• BIM usage. Specifically, LOD requirements. LOD stands for “level of detail” and this number varies depending on the overall complexity of the project, as well as the project type. For example, there’s a big difference between LOD 200 concrete model and LOD 300 architectural model with variable wall thickness, different materials, and so on. Setting up proper expectations and meeting them is instrumental in getting the right balance between project quality and price.
  • Project/building type. The amount of details in the project is also important. The level of effort required to create a standard 3-story office building is not even close to the request of creating a healthcare lab with specific parameters and requirements. Clarification is incredibly important for clients to get a correct estimate for their BIM pricing.
  • Scope. Speaking of building differences, the scope of the project, in general, is far more important than it might seem. The BIM provider needs to have as much information about the project as possible to provide the closest estimates of both the cost and the time required to complete the necessary amount of work. Once again, clarifying questions are not just a recommendation but a requirement.
  • Quality. When it comes to BIM, it’s expected to provide the highest quality level possible for a project model so that the actual contractors and the BIM team, in general, would have an easier time working on the project, up to post-construction.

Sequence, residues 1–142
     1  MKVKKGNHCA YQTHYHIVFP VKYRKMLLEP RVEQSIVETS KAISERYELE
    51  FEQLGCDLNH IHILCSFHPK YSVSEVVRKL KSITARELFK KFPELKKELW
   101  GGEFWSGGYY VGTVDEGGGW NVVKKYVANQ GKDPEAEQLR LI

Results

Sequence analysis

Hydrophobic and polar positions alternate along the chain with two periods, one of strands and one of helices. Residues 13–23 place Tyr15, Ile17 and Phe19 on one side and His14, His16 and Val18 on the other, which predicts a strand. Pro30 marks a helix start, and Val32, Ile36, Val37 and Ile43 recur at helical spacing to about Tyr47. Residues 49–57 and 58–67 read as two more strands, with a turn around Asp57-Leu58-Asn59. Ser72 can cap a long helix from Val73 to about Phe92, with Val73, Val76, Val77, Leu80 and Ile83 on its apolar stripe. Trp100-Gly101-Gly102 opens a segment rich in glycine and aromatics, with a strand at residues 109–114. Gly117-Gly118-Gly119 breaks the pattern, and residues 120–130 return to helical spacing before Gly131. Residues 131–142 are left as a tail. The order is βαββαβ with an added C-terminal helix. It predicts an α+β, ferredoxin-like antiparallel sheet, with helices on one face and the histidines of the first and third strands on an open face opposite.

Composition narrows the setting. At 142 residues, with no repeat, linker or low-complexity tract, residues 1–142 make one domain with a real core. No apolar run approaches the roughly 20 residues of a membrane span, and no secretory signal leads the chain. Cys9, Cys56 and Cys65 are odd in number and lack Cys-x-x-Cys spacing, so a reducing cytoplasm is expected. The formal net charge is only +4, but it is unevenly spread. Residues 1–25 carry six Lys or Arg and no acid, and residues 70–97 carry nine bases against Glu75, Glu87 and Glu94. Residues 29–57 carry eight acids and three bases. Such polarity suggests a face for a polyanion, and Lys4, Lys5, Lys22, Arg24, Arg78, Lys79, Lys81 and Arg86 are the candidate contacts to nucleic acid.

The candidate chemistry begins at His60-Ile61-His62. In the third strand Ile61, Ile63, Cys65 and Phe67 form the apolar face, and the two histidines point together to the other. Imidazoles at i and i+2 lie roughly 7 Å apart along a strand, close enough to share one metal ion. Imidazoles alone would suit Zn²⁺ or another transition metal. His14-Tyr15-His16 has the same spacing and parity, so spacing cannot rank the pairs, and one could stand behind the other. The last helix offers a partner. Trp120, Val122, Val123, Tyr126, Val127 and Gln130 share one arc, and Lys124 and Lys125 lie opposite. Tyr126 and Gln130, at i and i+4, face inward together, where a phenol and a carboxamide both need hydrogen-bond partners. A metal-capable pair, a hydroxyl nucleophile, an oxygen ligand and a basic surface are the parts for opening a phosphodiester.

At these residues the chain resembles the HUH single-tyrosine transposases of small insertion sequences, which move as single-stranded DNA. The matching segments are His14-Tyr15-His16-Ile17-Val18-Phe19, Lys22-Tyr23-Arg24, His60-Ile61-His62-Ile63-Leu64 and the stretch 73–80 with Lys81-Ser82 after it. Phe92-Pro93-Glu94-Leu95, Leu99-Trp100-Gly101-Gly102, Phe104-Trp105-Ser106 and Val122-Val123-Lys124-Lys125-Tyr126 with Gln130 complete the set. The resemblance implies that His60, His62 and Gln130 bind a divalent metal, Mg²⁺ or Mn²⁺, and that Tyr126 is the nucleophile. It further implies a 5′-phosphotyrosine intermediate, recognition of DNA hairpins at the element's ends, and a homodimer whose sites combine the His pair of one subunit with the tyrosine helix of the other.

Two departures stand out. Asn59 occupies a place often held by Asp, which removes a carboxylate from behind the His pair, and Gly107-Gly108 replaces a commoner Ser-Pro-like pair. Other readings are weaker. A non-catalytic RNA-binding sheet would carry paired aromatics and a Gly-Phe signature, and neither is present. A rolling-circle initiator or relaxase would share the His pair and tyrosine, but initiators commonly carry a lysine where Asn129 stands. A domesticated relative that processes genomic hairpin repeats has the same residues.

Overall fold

There are other attributes that can be added in more specific cases, but these are always prevalent in any project type. It’s important to remember that the more information a BIM company has – the easier it is for them to give the most accurate BIM pricing estimate for your specific needs. This also applies to newer opportunities and different methods – to be able to offer them to you, your BIM service provider would have to know a lot of different information, so clarification is the key here.


About the author
James Ocean

BIM/VDC Specialist. James Ocean is Head of BIMspiration at Revizto and keeps everything moving onwards and upwards. From supporting and teaching our internal team as well as our clients, James shows us the ins-and-outs and how to best leverage Revizto to maximize workflows, cut costs, and get all types of projects through the finish line.